so hard to be remedied; since all the miseries of this kingdom, during the period we are treating of, were manifestly owing to that continual violation of such oaths of allegiance, as appear to have been contrived on purpose by ambitious men to be broken at pleasure, without the least apprehension of perjury; and in the mean time keep the prince in a continual slavish dependance.
The earl of Gloucester, soon after his release, went over into Normandy; where he found the earl of Anjou employed in completing the conquest of that duchy; there he delivered him the sons of several English noblemen, to be kept as hostages for their father's fidelity to the empress; and used many arguments for persuading him to come over in person with an army to her assistance: but Geoffry excused himself by the importance of other affairs, and the danger of exposing the dominions he had newly acquired to rebellions in his absence. However, he lent the earl of Gloucester a supply of four hundred men, and sent along with him his eldest son Henry to comfort his mother, and be shown to the people.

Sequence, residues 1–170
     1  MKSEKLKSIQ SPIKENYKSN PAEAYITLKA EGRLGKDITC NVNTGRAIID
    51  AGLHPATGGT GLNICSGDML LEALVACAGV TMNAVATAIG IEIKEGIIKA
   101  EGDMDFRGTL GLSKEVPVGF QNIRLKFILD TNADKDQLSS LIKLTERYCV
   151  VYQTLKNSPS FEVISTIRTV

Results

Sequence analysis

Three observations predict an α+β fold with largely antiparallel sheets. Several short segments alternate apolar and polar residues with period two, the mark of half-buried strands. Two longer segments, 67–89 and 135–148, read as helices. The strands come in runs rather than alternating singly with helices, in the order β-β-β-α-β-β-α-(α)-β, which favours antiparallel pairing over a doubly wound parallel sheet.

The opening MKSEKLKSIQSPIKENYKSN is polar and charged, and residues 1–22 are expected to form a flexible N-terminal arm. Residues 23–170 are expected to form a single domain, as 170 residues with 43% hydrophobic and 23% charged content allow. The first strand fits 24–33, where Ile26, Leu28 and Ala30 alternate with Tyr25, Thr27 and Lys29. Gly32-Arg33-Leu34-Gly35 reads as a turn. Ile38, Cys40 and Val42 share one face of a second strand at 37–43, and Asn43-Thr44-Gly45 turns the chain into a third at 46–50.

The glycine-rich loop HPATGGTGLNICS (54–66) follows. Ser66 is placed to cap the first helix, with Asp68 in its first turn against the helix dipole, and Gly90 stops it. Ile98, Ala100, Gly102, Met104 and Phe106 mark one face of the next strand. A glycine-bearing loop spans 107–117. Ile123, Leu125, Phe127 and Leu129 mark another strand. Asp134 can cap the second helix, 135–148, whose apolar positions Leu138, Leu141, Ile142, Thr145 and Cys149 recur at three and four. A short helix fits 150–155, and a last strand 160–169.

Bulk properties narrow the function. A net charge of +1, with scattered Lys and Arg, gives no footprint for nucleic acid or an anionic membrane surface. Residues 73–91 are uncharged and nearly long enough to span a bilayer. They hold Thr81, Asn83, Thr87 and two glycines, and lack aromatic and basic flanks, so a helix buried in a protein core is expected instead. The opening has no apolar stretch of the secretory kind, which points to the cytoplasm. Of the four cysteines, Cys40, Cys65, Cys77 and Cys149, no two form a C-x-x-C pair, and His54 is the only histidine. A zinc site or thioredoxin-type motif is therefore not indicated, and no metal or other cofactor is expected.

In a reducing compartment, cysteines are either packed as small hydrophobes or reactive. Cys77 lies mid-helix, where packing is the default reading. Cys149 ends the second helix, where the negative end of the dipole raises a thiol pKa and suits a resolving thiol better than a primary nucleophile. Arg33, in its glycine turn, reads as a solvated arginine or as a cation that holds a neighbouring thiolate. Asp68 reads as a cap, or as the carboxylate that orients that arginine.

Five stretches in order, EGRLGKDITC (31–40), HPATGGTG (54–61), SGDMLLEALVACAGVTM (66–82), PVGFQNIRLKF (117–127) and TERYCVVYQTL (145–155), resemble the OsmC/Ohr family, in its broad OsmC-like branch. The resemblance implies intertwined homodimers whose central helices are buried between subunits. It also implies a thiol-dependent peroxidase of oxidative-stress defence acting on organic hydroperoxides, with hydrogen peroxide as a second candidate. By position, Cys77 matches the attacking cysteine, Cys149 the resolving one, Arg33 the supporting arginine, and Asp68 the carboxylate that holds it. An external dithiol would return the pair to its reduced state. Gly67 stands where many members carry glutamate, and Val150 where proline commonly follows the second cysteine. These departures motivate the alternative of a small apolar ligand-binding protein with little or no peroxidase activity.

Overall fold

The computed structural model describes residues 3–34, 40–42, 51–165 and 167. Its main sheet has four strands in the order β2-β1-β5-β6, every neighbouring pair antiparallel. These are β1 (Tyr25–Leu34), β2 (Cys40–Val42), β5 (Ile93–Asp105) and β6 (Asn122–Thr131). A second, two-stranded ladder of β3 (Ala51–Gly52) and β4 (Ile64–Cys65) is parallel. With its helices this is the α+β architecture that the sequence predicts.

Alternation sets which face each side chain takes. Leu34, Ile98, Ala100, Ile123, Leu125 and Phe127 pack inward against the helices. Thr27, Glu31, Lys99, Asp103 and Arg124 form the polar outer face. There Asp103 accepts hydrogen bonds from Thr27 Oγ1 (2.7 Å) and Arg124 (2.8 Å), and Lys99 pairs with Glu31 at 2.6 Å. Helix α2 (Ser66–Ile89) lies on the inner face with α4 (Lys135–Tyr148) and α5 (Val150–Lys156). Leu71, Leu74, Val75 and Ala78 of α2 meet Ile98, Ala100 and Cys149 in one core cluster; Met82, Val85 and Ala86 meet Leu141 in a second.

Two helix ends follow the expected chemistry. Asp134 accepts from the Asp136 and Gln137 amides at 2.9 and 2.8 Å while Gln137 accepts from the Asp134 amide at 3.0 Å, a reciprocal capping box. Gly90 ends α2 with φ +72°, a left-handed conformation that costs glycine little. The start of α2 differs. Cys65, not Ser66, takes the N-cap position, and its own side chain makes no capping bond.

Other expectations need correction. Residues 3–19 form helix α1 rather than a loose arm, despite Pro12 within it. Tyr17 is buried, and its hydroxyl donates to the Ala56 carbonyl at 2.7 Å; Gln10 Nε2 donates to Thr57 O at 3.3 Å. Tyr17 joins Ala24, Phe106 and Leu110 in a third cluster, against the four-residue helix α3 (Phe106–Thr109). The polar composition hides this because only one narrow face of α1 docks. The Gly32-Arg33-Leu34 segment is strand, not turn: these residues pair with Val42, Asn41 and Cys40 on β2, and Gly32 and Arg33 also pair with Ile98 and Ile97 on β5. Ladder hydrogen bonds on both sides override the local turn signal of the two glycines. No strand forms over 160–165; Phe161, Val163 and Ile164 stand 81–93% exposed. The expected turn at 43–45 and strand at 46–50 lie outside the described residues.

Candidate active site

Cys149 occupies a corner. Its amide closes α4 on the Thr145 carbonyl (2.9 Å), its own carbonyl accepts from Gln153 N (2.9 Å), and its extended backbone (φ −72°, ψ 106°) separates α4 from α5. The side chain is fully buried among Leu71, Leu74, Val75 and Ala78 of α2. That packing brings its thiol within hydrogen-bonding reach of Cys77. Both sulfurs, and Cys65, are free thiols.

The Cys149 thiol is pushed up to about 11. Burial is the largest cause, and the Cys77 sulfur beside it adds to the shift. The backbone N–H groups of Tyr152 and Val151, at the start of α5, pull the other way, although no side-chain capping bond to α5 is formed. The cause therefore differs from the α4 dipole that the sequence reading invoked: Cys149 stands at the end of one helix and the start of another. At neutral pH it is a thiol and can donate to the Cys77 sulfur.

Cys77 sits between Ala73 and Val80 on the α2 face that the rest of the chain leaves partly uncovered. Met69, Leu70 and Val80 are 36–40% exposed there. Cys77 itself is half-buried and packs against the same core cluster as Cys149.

During the short absence of the earl of Gloucester, the empress was closely besieged in Oxford by the king; and provision beginning to fail, she was in cruel apprehensions of falling into his hands. This gave her occasion to put in practice the only talent wherein she seemed to excel, which was, that of contriving some little shift or expedient to secure her person upon any sudden emergency. A long season of frost had made the Thames passable upon the ice, and much snow lay on the ground; Maude, with some few attendants clad all in white, to avoid being discovered from the king's camp, crossed the